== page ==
Hungary – the EU Parliamentary Elections

Political Background

Hungary joined the EU in 2004 as part of the mass expansion of that year. Hungary is not a Eurozone member.

Ethnic Hungarians, often known as Magyars, are one of the three nations in Europe whose official language is a Finno-Ugric language (rather than the usual Indo-European) along with Finland and Estonia. Magyars arrived in the Carpathian basin, where Hungary sits fairly late in around c. 800 AD

Hungary was a major state in medieval Eastern Europe, but was eventually subsumed into competing Empires, eventually becoming a part of the Austrian Empire. The Hungarian War of Independence in 1848 (the year of revolutions in Europe) was a failure, but eventually led to the transformation of the Empire into Austro-Hungary. This unique political structure had a dual political structure without a unified parliament. Austro-Hungarian ministers were accountable to both the Austrian and Hungarian parliaments and could not act without the support of both.

After WWI Austro-Hungary was split up and under the terms of the Treaty of Trianon Hungary lost 72% of its territory as substantial pieces of its territory were given to Romania, Czechoslovakia and Yugoslavia. 31% of ethnic Hungarians were left outside Hungary’s borders. To this day there are Hungarian majorities along the other side of the border with Slovakia and in central Romania. There are also substantial Magyar minorities in Transylvania (in modern-day Romania) and in Vojvodina, an autonomous region of Serbia. There are around 2.2 million ethnic Hungarians living in countries which neighbour Hungary. This has often led Hungarian nationalists to claim that the Treaty of Trianon recognises national self-determination for every nation except Hungarians and that Hungarians received, proportionately, the worst ‘punishment’ for WWI.

Hungary became a Communist state after 1945, but the Hungarian revolution of 1956 demonstrated that Hungary’s Communist government did not necessarily have national support. While the revolution was brutally suppressed by the USSR, Hungary began to practice what became known as ‘Goulash Communism’ (named after Hungary’s national dish) which was a more liberal and humane form of communism than that practiced elsewhere in the Eastern bloc, with a better human rights record and limited markets. Hungarians were freer to travel, and speak freely than in other Eastern bloc states, though Hungary was still a repressive dictatorship by comparison to the developed democracies of the West. Hungary was a destination for Eastern bloc tourists, and queues for groceries and empty shelves were almost non-existent unlike other Eastern European states.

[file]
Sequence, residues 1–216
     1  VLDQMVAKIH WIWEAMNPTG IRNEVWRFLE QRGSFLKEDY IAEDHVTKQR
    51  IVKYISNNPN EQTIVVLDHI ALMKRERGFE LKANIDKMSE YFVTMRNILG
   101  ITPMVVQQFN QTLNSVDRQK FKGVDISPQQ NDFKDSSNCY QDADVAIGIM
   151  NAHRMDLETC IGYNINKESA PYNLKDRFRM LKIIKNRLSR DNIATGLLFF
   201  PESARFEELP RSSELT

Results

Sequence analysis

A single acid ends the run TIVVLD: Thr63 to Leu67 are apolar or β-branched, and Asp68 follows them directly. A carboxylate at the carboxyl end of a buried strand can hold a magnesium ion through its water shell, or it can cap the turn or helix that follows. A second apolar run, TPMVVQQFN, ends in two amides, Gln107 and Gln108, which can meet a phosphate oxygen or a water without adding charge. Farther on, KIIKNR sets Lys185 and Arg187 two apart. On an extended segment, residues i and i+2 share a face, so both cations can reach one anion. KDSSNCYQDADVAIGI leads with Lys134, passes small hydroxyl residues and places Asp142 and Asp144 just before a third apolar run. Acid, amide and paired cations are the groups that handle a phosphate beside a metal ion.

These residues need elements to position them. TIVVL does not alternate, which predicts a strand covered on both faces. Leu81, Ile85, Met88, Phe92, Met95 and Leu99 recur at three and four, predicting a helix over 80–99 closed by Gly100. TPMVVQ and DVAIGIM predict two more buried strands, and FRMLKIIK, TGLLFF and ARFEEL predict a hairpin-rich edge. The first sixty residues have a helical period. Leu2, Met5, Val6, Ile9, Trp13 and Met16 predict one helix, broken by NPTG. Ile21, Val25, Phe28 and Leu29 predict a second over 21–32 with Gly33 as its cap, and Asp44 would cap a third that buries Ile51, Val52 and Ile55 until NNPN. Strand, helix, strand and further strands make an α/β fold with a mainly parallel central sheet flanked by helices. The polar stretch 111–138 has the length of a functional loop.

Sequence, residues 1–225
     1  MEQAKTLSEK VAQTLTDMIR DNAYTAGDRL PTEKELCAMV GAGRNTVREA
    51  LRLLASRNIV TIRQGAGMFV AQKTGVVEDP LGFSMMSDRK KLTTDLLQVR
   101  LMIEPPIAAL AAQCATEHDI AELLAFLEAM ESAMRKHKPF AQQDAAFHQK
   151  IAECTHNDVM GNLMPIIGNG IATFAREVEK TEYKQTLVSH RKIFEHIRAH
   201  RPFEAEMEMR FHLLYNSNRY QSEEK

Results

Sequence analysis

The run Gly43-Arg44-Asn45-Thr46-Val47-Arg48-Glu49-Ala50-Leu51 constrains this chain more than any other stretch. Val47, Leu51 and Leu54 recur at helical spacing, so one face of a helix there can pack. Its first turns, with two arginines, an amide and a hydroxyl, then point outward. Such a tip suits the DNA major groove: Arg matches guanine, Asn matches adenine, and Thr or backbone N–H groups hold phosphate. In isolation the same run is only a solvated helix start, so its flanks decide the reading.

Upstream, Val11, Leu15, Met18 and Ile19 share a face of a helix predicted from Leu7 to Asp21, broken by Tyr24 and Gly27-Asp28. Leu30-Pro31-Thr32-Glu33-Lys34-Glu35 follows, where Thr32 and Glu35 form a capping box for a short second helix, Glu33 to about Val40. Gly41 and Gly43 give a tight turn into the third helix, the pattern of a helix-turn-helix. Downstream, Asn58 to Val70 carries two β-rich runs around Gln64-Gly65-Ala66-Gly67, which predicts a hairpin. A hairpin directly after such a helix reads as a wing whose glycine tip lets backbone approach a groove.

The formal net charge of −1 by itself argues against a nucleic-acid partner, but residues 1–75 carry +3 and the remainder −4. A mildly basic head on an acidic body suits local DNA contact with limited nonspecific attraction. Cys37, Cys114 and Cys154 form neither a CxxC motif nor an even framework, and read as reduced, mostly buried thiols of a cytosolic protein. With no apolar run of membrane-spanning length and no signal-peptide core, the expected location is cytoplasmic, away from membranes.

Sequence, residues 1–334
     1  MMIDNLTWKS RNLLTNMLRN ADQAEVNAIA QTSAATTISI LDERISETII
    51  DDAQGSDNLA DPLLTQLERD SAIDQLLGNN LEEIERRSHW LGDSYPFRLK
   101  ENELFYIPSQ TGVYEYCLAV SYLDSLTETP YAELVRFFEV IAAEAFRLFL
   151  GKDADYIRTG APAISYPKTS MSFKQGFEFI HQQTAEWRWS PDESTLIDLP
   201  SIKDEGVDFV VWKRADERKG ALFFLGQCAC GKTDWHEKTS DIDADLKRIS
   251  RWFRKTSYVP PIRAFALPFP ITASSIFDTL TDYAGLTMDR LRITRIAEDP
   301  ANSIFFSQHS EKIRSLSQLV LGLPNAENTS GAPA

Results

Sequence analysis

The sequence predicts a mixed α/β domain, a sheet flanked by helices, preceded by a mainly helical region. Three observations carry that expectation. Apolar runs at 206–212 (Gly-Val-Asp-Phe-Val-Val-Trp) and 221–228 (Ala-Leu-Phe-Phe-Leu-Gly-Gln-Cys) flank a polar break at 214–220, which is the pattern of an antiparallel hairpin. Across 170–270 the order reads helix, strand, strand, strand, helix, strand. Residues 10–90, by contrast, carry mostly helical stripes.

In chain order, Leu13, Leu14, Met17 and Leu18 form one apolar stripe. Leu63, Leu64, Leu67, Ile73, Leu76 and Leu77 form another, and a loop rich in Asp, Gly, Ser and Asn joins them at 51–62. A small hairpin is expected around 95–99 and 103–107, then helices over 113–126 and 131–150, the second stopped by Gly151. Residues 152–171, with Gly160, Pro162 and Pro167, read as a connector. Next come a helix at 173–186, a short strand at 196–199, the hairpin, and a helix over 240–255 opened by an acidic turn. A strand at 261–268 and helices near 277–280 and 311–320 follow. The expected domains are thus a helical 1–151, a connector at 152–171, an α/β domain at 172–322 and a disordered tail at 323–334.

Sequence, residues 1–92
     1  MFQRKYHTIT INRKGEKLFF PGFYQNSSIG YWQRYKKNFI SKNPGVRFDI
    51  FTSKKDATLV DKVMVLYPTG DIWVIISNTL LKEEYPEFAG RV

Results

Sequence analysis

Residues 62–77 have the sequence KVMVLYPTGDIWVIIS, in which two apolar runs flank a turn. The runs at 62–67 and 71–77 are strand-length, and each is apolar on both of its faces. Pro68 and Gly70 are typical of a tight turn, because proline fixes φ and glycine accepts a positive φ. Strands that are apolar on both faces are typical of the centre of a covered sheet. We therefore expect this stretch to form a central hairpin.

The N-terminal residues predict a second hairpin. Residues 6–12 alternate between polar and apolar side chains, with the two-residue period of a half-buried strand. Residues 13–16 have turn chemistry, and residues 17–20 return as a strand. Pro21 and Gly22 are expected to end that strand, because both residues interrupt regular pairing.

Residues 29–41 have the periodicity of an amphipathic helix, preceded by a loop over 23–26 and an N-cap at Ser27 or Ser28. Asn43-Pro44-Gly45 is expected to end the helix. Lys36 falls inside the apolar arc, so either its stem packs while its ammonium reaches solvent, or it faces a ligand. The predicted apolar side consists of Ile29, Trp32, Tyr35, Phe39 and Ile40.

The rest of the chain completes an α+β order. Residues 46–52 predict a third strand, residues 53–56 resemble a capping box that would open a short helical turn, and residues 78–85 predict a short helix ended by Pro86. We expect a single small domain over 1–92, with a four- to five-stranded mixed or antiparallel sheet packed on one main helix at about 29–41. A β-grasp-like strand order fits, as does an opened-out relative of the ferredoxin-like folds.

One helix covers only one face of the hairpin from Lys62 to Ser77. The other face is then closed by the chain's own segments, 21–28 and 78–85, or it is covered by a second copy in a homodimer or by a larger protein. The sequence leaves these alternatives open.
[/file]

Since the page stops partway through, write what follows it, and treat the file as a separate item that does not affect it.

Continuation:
After Poland, Hungary was the second Eastern bloc government to revert to non-communist government. In 1989 the Communist government, whose pro-democracy reformist faction had taken control, radically rewrote the Hungarian constitution to transition to democracy. Hungary also took down its border fence with Austria, in doing so dismantling part of the Iron Curtain. This created a ‘Hungarian corridor’ through which East Germans could escape to the West. During a ‘friendship picnic’ between Austrians and Hungarians in August 1989 900 East Germans rushed the border and escaped into Austria. This hole in the Iron Curtain would later lead to the events which resulted in the fall of the Berlin wall and the end of communism.

In the post-communist era Hungary developed a bitterly polarised politics. The Hungarian left/right spectrum is somewhat unlike that of Western European, being divided between a predominantly pro-globalisation, liberal, urban, left, and a nationalist, protectionist, rural, and more socially conservative right. The ‘left’ has generally been more pro-market than the ‘right’, therefore. However, in reality the differences between the main parties is not all that big, and polarisation exists for cultural reasons.

The main political parties try to delegitimise one other, with the right saying the Socialists are illegitimate due to their history as a Communist Party and the left accusing the right-wing Fidesz of authoritarianism. Polarisation is so extreme in Hungary that political affiliation is said to be able to affect someone’s employment prospects. An electoral system which tends to benefit large political parties (it is the least proportional system in Eastern Europe), strict party registration laws and a lack of neutral media outlets help to compound this problem. Hungary has a very two party system.

There is also a sense that the two main parties will do almost anything to defeat their opponents.

In 2006, the Socialist PM, Ferenc Gyurcsany, was the victim of a massive scandal after a tape of his speech to his parliamentary party was leaked to the public. In his expletive laden speech the PM outlined the true problems of Hungary’s economy, which he declared was being covered up by the government. He declared that “we lied morning, night and evening.”, “There aren’t many choices. That is because we have fucked it up. Not just a bit, but much.”, “You cannot name any significant government measures that we can be proud of except pulling our administration out of the shit at the end. Nothing!” and “No European country has done something as boneheaded as we have.”

These statements, and others, caused immense controversy in Hungary. A month and a half of mass protests followed. Tens of thousands of people were involved. Almost 400 police officers and more than 300 civilians were injured. Almost 500 people were arrested. The government, however, refused to resign, throwing the country into an almost permanent political crisis and creating an impression that politicians could not be punished for their failings. The Socialists’ support in opinion polls collapsed.